An action plan to tackle rural crime, including hare coursing, has been promised by the new Chief Constable of Lincolnshire Police.
Bill Skelly made the pledge after meeting farmers and growers at a summit organised by NFU East Midlands near Boston on Friday.
More than 100 NFU members came to the meeting at Boston West Golf Club where they heard from Mr Skelly and Marc Jones, Lincolnshire’s Police and Crime Commissioner.
Mr Skelly said: “I sympathise with members of the farming community, understand their frustration and accept that this is damaging their livelihood.
“We have already committed more officers to tackling this, but we will look at the way we gather information and use it, as well as to consider how we collaborate with other forces and also explore new technologies.
“It (hare coursing) isn’t acceptable and I am taking this matter very seriously.
“We may not stop the problem completely but I am confident farmers will see a change for the better in the near future.”
During the meeting, farmers from South Holland, the Deepings and other parts of Lincolnshire told the Chief Constable and Commissioner about the worrying trend of hare coursers becoming more threatening this season. Mr Skelly also heard how hare coursing have become more organised, with the help of social media and drones to regularly film meetings where thousands of pounds change hands as they betting on the outcome of their crimes. Gordon Corner, NFU Regional Director for the East Midlands, said: “This was a very productive meeting as it was the first time that a Chief Constable has addressed NFU members on rural crime and, in particular, the issue of hare coursing.
“There were more than 100 NFU members present to explain the issues they face, the destruction to family businesses and the fear and intimidation their families and staff experience.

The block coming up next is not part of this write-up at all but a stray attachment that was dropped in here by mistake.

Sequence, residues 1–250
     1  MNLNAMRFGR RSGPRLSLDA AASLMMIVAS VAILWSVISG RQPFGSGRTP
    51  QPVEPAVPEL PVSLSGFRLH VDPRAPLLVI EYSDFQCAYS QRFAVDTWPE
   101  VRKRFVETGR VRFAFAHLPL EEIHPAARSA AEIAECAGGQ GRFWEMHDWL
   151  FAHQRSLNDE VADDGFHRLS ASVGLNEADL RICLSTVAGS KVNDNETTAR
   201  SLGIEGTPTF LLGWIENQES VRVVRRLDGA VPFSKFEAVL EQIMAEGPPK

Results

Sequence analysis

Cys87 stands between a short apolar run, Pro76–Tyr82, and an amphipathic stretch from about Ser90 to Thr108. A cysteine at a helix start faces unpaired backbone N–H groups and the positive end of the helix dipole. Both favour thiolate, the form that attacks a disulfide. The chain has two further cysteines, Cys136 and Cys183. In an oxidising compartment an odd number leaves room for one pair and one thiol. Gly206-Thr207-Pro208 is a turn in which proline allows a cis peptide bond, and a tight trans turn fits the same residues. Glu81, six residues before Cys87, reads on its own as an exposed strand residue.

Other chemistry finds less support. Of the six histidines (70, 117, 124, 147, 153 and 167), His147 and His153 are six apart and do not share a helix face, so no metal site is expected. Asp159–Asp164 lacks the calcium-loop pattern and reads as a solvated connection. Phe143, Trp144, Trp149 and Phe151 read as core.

“Mr Skelly heard that this year the number of experiences of hare coursing has increased, as has the numbers of people and vehicles involved.
I sympathise with members of the farming community, understand their frustration and accept that this is damaging their livelihoodBill Skelly, Chief Constable of Lincolnshire Police
“He listened and agreed to come back to a further meeting to discuss how hare coursing will be addressed next season.
“But, in the meantime, he would look to see how police action could be targeted to counteract hare coursing for the rest of this season.”
Mr Jones said: “I was clear that rural crime will be successfully tackled when working in partnership with other agencies and groups.
“It became very clear to me early on that the best way to tackle hare coursing is to confiscate the dogs, but we need the support of the whole justice system for that to work.
“We are getting support from our MPs in ensuring we have the right laws and the appropriate funding to address rural crime and we need the justice system to make sure offenders are dealt with strongly.
“I have spent a great deal of time focused on finding solutions and I fully support the Chief Constable’s commitment to both short-term solutions and a proper long-term plan.”